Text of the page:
Irish American month reminds us of ethnic inequalities for Syrians

Richard+Smith+leads+the+way+during+the+St.+Patricks+Day+parade+at+Shandon+Presbyterian+Church+in+Columbia%2C+South+Carolina.

courtesy of MCT Campus

Richard Smith leads the way during the St. Patricks Day parade at Shandon Presbyterian Church in Columbia, South Carolina.

by Bridget Murphy, Reporter

March does not only dedicate one day to the Irish– St. Patrick’s Day on the 17th– but the whole month. During March, 44 million Irish Americans celebrate their ancestry by joining in parades, celebrating through Mass, dancing, and family gatherings.

Many throughout America show their Irish reverence by wearing green, even if they aren’t technically Irish. (Otherwise they would be pinched!)

Irish-American Heritage Month is dedicated to all of the Irish-Americans and their ancestors who have helped the formation of our country.

Between 1820 and 1975, 4.7 million Irish immigrants came into the United States.

In 2002, more than 34 million Americans considered themselves to be of Irish ancestry, making Irish Americans the country’s second-largest ethnic group.”

— PBS Destination America

The American Foundation for Irish Heritage wanted to “have the same national recognition as other ethnic cultural celebrations, such as National African-American History/Black History Month, National Hispanic Heritage Month, and Asia/Pacific-American Heritage Month.”

Without the Irish-Americans, there is no saying where our country would be today. Many Irish-Americans have made a lasting impact on America, including John F. Kennedy (civil rights activist and 35th president of the U.S.), Walt Disney (producer and entrepreneur), Eileen Collins (female astronaut), and Nellie Bly (journalist).

When we think of the Irish today, most think of green, leprechauns, clovers, potatoes, and a big pot o’ gold, but the Irish were not always connected with warm thoughts and fun traditions.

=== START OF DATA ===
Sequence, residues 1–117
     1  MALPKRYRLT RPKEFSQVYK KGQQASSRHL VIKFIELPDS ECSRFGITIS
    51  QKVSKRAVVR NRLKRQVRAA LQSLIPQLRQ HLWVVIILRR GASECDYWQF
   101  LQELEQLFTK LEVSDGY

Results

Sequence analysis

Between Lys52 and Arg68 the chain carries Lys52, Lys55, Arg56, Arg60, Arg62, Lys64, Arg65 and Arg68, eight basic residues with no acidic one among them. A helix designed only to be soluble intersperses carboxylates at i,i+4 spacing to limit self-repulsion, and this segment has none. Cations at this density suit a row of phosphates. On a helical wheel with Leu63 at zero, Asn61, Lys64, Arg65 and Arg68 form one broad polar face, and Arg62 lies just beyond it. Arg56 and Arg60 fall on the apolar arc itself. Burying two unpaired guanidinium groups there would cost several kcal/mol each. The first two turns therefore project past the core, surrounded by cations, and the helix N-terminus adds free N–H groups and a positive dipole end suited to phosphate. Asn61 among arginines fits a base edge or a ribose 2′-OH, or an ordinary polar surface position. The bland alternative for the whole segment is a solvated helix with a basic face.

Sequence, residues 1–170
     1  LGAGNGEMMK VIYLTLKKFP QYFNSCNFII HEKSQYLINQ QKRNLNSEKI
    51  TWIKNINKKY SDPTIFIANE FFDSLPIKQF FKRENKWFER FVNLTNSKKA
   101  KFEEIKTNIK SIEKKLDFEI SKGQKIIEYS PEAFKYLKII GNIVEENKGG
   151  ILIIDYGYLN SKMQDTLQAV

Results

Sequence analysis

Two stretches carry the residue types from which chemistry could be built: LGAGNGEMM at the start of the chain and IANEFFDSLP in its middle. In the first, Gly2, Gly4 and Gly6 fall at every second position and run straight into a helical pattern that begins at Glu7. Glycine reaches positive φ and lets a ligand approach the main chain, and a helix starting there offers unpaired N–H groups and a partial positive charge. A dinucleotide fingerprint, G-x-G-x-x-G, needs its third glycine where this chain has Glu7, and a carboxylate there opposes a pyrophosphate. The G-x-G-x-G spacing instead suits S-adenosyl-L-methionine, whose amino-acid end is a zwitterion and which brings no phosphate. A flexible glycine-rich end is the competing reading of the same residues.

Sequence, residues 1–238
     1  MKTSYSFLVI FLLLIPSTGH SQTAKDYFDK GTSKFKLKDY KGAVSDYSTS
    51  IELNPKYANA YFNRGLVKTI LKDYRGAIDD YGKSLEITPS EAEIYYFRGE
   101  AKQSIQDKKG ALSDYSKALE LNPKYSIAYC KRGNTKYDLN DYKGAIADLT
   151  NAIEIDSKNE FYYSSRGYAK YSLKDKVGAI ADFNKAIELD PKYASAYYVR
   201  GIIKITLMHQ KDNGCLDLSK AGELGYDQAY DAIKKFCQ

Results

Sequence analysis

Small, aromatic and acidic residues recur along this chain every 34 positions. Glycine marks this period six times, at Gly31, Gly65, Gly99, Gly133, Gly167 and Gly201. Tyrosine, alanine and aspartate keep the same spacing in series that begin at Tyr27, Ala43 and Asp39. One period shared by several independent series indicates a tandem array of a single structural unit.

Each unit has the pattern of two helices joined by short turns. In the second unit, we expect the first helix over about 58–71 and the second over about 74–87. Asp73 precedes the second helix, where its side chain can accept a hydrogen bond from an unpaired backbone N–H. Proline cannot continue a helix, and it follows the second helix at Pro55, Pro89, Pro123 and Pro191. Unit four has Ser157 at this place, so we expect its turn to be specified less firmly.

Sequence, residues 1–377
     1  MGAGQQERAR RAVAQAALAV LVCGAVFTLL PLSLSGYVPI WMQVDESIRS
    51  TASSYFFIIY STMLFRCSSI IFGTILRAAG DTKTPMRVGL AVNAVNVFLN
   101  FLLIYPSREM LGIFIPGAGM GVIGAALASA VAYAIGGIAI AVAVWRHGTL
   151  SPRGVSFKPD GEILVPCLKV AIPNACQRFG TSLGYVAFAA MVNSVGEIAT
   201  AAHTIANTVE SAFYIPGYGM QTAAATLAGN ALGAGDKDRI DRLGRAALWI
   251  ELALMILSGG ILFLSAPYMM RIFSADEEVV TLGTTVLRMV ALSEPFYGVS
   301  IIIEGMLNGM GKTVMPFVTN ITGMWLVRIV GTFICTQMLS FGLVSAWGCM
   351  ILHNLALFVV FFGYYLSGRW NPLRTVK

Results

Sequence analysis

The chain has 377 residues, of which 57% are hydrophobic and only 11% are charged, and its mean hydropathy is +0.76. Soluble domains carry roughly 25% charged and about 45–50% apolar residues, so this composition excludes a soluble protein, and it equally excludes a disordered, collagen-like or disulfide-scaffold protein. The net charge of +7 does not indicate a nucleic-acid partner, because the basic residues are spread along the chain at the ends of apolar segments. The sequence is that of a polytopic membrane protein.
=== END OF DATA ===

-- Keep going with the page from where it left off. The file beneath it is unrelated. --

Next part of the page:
When the Irish first came to America, many people opposed their immigration. There were stereotypes held against the Irish. A majority of Americans shared a dislike for Catholicism at the time, the dominant religion of the Irish.

For example, in the early 1900’s, Boston mayor, John P. Bigelow, stood with the Anti-Irish groups. These groups believed immigration into Boston was causing the city’s widespread “drunkenness and violence,” a strong stereotype assigned to the Irish.

History is now repeating itself. All of the current candidates in the 2016 Presidential Election have been faced with the question, “How do you plan to handle Syrian refugees?” This is a heavy-weighing factor, dividing voters. Many people do not want Syrian refugees, Syrian-Americans, or Muslim-Americans in the U.S. because they are scared of the potential violence that could accompany them. This is not justified. Recent Congressional hearings have debated the small number of refugees who may also have terrorist ties.

In Maryland, Governor Hogan opposes the idea of letting Syrian refugees into the U.S.. Hogan does not want any Syrian refugees immigrating to America “until the U.S. government can provide appropriate assurances that refugees from Syria pose no threat to public safety,” he stated on his Facebook page.

Like the Irish, Muslim-Americans and Syrian refugees are stereotyped based on the actions of others who are of the same race or religion. Suspicion of Catholicism seems to have been replaced by suspicion of Islam.

The Irish’s only option was to come to America. Ireland was devastated when disease hit their homeland and destroyed the production of their most prized crop: potatoes. The potato famine caused approximately 1 million deaths in Ireland, and it caused approximately 2 million more to flee, according to the History channel.

In the same way, more than 11 million Syrians have been forced to leave their homes. The amount of violence that has erupted recently in Syria is overwhelming.  Surrounded by chemical weapons, war crimes, violent uprisings, and civil war, it is no wonder many Syrian citizens want to emigrate.

Like the Irish, American culture would not be the same without Syrians whose families immigrated to the United States. Some famous Syrian Americans include Steve Jobs (Apple co-founder), Mona Simpson (award-winning novelist – Jobs’s biological sister), Jerry Seinfeld (actor and comedian), and Paula Abdul (singer-songwriter).

How long will it take for Americans to accept the Syrian refugees like we now accept the Irish?  It seems almost impossible to imagine that sometime in the future we could have a whole month to recognize Syrian-Americans–but why not?

Irish American heritage month gives Americans the opportunity to appreciate the immigrants from Ireland. Many do not realize the importance of new people in the United States. Having immigrants, refugees and other people in the U.S. can change our history and our future–for the better.